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Meta Open-Sources Computer Vision Foundation Model DINOv2

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Meta AI Research open-sourced DINOv2, a foundation model for computer vision (CV) tasks. DINOv2 is pretrained on a curated dataset of 142M images and can be used as a backbone for several tasks, including image classification, video action recognition, semantic segmentation, and depth estimation.

Meta based the model on the Vision Transformer (ViT) architecture, with modifications for self-supervised learning objectives. To train the model, the team built an automated pipeline to build a curated dataset of images scraped from the web. A major contribution of the work was improving in the training process, which is twice as fast and uses one-third the memory of previous approaches. When evaluated on CV benchmarks, DINOv2 outperformed other self-supervised learning (SSL) models and showed performance comparable to or better than that of weakly-supervised models. According to Meta,

Going forward, the team plans to integrate this model, which can function as a building block, in a larger, more complex AI system that could interact with large language models. A visual backbone providing rich information on images will allow complex AI systems to reason on images in a deeper way than describing them with a single text sentence. Models trained with text supervision are ultimately limited by the image captions. With DINOv2, there is no such built-in limitation.

Deep learning models for CV tasks have typically relied on large datasets of images with human annotations; for example, ImageNet. In 2021, OpenAI released CLIP, a foundation model for CV that was trained using a form of weak supervision, where the annotations were automatically derived by scraping html tags and other web-based metadata associated with source images. That same year, Google published the ViT model, which uses SSL for training, and Meta published their work on the original version of DINO, which combines a ViT model with knowledge distillation, which resulted in smaller models with comparable performance.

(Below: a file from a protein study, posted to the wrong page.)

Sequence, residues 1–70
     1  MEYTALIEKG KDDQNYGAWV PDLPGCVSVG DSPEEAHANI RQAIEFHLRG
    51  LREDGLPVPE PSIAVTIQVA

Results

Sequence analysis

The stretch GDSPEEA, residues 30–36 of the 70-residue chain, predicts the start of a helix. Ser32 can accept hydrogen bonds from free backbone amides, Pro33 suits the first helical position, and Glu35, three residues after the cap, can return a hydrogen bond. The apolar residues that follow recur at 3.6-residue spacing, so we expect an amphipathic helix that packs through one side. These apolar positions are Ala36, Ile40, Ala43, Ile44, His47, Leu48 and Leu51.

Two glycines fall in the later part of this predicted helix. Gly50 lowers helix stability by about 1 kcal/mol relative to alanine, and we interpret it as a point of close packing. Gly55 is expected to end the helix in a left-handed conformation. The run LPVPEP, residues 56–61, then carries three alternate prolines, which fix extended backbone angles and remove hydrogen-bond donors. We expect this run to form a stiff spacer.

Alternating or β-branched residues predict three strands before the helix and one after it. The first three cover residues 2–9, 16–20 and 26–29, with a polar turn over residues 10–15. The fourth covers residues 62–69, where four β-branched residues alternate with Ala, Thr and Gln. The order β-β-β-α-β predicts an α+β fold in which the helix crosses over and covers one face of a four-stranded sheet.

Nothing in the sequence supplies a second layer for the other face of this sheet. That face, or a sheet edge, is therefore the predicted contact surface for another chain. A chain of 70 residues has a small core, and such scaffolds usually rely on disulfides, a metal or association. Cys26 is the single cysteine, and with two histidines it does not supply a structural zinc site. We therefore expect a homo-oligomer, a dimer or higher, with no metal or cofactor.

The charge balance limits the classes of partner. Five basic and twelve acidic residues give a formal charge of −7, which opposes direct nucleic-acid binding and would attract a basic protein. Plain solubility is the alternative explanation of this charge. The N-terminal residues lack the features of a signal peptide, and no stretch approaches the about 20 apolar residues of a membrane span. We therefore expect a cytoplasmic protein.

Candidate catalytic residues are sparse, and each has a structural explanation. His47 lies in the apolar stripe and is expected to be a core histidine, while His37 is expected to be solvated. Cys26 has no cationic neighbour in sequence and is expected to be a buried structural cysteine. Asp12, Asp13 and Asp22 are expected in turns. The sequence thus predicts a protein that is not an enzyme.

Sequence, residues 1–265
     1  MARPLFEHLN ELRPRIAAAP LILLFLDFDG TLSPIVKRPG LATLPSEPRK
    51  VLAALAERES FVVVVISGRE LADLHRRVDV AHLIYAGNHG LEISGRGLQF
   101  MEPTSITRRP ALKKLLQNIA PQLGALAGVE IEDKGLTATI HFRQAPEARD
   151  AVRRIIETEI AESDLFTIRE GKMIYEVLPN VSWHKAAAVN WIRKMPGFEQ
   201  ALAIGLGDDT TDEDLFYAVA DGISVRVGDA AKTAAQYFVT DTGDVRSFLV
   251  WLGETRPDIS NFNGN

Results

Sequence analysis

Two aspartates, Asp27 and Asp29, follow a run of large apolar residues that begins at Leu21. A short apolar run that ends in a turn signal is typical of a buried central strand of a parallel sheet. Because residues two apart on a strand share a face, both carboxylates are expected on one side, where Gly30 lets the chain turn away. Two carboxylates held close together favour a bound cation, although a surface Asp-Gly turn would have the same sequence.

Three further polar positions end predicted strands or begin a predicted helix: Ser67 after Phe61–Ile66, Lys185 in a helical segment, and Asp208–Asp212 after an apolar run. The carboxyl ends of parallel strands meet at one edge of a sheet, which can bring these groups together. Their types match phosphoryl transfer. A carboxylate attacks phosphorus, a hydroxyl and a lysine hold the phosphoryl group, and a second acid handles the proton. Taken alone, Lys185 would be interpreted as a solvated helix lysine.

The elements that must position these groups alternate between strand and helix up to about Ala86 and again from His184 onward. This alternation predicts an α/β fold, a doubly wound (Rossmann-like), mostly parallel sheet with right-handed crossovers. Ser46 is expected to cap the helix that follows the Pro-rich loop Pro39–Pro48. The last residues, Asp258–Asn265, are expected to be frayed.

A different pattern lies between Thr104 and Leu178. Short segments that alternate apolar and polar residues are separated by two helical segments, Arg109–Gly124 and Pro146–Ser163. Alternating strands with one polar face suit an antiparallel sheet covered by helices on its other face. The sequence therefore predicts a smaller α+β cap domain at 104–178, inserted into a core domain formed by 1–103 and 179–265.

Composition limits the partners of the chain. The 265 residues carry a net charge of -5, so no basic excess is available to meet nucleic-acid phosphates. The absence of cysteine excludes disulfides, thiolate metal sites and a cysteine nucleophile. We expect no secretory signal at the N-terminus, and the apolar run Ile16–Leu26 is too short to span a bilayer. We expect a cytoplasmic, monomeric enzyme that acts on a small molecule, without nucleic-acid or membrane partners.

For DINOv2, Meta focused on gathering more training data and scaling up the training process. For the training data, Meta collected 1.2B unique images from the internet, then clustered them according to their similarity to the images in the ImageNet dataset for a final set of 142M images. To scale up training, Meta implemented a custom version of FlashAttention and used Fully-Sharded Data Parallel (FSDP) training with PyTorch. Overall, the project consumed about 200k GPU-days of compute.

To evaluate DINOv2's performance as a foundation model, the team tested it on a variety of CV tasks and compared it to several baseline SSL models as well as weakly-supervised models such as CLIP. On the ImageNet-1k classification task, DINOv2 showed a "very significant improvement" compared to other SSL models and also outperformed the weakly-supervised ones. It also set a new SSL state-of-the-art record on three video action recognition benchmarks and outperformed baselines on instance-level recognition benchmarks and on three monocular depth estimation benchmarks.

In a Hacker News discussion about the work, several users praised Meta's recent work in computer vision as well as past contributions such as PyTorch. One did note a shift in Meta's communications around their work:

As a grad student in this field, Meta has always had great contributions to the open source machine learning effort, through no small effort of Yann LeCun's internal advocacy. What has changed recently is their PR strategy: [OpenAI] has basically shown everybody that it doesn't matter if you have the best models if your publicity sucks.

The DINOv2 code and models are available on GitHub. The project site hosts an interactive demo of several computer vision tasks using DINOv2.

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